Hindsight is 20/20. With the GE2020 results, it is easy for anyone to say how and what the PAP has done wrong. There are countless opinion pieces and commentaries. I have not read many, but the ones that I did read, the ones that touched and moved me, are excellent, making good sense, honest, written by people who sincerely care for Singapore. And if I may add, by people who care for the PAP and wish for a fresh lease of political life in Singapore, an improved governance led by the PAP. Making this less-than-stellar win by the PAP a most meaningful one.
A friend asked me yesterday, “Do you still believe in the PAP?” I was surprised, taken aback by such a question. I shouldn’t be, given that even our PM had acknowledged ‘the share of popular vote was not as high as he would have liked’, and with such headlines: ’Singapore’s Lee Retains Power But Party Has Weakest Showing Ever’ by Bloomberg, ’Singapore Ruling Party Wins Easily But Its Vote Falls Sharply’ by The Economist, and ’Singapore Ruling Party, Stung By Poll Setback, Faces Succession Question’ by Reuters.
I was surprised because this friend knows I have been a PAP supporter. “The PAP government makes mistakes, but the number of times they get it right outweigh the wrongs,” I would say to him. A friend who manages a growing team of independent sales agents would tell me, “I empathise with the PAP. People take the good work for granted, and it is so difficult to please everyone…” I do appreciate the good work. Yet the way this GE2020 campaign was run shows what is right about the PAP, but it mostly shows what is fundamentally wrong about the PAP.
Lee Hsien Yang who suddenly appeared on the electoral landscape declared that “the PAP has lost its way”. Contrary to this pronouncement, I think the PAP has stuck on to its ways for far too long. The LKY handbook, ruling by the iron fist, ruling by fear, is antiquated. The heavy handed way of stamping out dissent is as old as social media is new. And social media is not so new anymore. What is new will be an ability to weigh opposing views with grace, fairness and a confidence bold enough to accept differing views that are right.
That the PAP would be returned as the ruling party with the majority of seats was a given. Or it should be. Calling it to question with the suggestion that technically the opposition could form a government underscores the conundrum of the electorate. Singaporeans want a stable and competent government. But the electorate is maturing. Besides the younger voters, the majority were now asking questions beyond the irregular and uneven playfield. Why was this election called just when we moved into Phase 2 of reopening during a pandemic?
The Unity Package, the Resilience Package, the Solidarity Package, notwithstanding, why was the PAP asking for a clear mandate so that the government could create jobs and rebuild the economy? What was a clear mandate? What percentage of the vote? How many seats? And why would the PAP need such a mandate? The PAP could run Singapore effectively if it lost 25 seats. In the past, the rallying cries for a mandate would silence the majority. Now it just numbed the senses. Now it just provoked more questions. And there were no direct answers.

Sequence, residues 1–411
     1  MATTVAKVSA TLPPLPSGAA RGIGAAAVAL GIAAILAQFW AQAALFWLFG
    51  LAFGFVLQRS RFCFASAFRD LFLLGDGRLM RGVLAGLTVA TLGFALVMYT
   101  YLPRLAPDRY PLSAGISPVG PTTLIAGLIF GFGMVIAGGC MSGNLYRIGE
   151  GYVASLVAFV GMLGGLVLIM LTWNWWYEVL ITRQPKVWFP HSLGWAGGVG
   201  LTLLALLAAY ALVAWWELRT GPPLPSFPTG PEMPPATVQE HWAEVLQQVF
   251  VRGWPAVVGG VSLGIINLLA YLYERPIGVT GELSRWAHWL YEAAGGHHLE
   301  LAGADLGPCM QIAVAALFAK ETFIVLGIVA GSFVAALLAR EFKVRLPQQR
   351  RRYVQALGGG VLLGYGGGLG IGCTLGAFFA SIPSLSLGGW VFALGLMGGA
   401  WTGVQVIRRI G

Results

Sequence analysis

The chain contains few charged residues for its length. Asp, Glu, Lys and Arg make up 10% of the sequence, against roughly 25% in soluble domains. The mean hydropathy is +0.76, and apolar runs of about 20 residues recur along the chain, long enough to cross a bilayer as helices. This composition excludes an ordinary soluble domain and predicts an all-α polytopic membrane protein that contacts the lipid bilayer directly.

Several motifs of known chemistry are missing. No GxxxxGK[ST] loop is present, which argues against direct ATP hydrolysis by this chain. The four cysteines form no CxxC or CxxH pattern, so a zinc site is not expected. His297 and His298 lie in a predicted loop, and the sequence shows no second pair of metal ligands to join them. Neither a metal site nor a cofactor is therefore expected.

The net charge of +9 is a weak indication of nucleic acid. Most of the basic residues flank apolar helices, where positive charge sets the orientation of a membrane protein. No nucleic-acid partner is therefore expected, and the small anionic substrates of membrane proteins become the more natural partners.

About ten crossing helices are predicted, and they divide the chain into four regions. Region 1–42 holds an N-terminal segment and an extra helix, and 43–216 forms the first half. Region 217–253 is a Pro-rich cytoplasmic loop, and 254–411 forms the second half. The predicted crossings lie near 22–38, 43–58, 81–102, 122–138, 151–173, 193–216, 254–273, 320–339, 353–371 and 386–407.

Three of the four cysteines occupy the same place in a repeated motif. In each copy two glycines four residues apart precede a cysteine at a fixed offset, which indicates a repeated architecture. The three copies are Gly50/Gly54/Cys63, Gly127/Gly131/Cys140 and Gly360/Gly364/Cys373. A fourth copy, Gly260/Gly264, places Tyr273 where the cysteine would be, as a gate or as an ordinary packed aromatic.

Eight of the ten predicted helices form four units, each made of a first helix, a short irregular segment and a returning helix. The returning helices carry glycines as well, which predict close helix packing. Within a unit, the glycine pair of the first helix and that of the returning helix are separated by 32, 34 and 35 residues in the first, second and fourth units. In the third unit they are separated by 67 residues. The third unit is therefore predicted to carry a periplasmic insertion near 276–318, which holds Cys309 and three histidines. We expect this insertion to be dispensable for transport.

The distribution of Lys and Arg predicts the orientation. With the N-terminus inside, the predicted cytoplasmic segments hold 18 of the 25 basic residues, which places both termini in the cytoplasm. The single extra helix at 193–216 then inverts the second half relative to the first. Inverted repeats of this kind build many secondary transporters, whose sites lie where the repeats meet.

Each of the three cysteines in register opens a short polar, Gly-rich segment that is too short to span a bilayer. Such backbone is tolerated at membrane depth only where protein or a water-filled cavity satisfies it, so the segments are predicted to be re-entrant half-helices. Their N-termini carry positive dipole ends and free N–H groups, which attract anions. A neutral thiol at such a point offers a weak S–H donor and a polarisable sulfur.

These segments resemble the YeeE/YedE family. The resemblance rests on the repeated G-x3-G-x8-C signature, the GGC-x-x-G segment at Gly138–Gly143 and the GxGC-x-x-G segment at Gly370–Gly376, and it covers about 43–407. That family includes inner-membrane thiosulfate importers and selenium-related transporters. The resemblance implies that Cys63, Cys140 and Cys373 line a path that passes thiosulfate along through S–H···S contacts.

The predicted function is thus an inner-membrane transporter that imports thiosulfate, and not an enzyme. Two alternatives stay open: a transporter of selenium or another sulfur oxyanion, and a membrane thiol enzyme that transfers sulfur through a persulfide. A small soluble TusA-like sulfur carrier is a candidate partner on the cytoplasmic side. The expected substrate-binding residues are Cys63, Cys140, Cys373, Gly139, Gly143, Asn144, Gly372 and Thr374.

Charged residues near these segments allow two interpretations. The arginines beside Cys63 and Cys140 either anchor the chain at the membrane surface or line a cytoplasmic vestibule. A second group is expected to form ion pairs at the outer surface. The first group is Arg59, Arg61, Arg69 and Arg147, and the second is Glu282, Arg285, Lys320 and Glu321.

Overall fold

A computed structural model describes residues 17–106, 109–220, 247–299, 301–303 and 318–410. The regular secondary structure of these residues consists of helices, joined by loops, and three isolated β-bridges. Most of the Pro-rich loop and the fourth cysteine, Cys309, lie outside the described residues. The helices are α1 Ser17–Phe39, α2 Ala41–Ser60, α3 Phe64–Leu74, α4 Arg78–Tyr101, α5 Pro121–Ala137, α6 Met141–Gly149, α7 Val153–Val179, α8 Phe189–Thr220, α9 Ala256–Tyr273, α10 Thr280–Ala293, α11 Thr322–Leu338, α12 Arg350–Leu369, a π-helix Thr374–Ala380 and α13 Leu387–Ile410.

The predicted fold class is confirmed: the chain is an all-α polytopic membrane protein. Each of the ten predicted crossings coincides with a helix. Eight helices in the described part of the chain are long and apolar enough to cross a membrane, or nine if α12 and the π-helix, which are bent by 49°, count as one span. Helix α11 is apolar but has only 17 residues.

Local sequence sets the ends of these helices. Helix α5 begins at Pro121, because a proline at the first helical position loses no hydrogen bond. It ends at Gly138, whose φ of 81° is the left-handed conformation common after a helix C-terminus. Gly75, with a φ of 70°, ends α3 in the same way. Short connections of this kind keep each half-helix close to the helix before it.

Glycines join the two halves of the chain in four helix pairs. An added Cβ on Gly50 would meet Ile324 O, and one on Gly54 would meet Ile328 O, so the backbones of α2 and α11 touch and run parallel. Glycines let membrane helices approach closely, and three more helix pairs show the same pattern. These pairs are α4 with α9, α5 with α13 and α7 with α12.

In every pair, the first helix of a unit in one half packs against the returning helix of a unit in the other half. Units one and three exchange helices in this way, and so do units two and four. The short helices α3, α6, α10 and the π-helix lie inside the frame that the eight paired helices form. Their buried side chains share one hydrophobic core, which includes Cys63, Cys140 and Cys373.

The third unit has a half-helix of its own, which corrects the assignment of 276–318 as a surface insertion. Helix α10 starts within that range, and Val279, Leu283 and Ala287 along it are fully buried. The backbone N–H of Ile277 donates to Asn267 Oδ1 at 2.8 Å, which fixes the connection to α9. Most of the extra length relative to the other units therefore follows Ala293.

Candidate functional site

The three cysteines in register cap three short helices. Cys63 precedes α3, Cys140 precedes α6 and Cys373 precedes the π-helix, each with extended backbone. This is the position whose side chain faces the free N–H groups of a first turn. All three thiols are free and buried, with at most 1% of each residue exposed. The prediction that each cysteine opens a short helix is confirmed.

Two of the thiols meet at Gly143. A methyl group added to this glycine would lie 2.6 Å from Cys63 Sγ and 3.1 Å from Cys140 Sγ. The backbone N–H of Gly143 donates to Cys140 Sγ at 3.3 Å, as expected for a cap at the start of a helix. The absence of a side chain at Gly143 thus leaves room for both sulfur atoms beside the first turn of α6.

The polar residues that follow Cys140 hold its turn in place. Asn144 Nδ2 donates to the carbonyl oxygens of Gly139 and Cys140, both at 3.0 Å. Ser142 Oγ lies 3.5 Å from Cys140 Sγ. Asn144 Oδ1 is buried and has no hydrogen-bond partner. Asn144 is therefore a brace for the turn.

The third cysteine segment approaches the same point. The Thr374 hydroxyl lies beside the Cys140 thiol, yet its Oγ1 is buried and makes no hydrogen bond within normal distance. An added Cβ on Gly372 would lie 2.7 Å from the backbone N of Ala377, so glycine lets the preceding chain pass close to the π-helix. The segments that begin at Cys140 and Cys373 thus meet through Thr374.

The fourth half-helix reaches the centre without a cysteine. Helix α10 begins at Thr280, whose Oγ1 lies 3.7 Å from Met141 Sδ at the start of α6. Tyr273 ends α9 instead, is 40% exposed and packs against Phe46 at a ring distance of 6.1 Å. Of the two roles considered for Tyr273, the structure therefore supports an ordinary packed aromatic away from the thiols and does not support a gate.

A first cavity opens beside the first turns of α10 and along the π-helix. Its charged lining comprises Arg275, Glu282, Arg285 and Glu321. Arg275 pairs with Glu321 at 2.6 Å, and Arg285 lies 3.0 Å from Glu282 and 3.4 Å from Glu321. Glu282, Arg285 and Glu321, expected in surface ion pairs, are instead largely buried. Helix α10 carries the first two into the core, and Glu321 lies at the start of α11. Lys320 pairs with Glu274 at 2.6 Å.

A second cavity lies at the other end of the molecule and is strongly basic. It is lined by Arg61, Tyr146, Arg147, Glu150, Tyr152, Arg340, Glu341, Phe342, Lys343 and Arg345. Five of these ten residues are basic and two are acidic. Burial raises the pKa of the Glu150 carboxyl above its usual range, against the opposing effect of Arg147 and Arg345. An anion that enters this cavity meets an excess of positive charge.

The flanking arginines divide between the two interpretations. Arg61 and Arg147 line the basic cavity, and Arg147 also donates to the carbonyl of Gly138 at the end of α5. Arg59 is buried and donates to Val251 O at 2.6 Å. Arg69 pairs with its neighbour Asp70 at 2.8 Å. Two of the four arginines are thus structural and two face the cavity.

A maturing electorate is also sensible and responsible. What was not right, or rather perceived to be wrong was challenging alleged falsehoods with POFMA, the police reports against Raeesah Khan, the criticism of Jamus Lim’s credentials. A maturing electorate demands fair play. A friend asked, “Does a party with such a commanding lead need to resort to tactics usually seen in a party fighting for survival?” Is the PAP under siege? Is this why the PAP dubbed this as the crisis election, billed as the most significant since Singapore’s independence?
Increasingly, Singaporeans expect the PAP to take the high road. Yes, and especially in an election. The irony is, during the GE2020 campaigning, the WP, the opposition, appeared to take the high road. No ‘gutter politics’, no attacks, no smears. Instead openness, humility under attack. And the grace to apologise for missteps and mistakes, past or present. With the GE2020 results, will there be genuine soul searching and reflection? Is the PM’s designation of Pritam Singh as the Leader of the Opposition the signal of a new beginning, a clean slate?
ESM Goh said this designation acknowledges voters’ desire for more opposition MPs in Parliament. He added, “Our opposition MPs and NCMPs will now have to go beyond merely serving as a check-and-balance.” My friends think I am an eternal optimist. In this instance, I hope to be the realist. That our Men In White will rise to the occasion. Yes, the results are a clear mandate. But not a blank cheque. That they will also have the magnanimity to acknowledge the PAP “does not have a monopoly on the best ideas on how we should bring society forward”.
Back to the question, ‘Do I still believe in the PAP?’ Saying my piece here is an example of how Singaporeans tend to flag out what the PAP did wrong. It is perhaps a human trait when the stakes are as high as an election. Especially in the comfort of knowing the fundamental status quo will prevail. That the PAP will continue to rule, just that we want them to rule even better. Some of the PAP candidates are as good as they come, some even better than the ’star’ performers in the opposition. I must remember not to take them for granted. So, yes I still believe.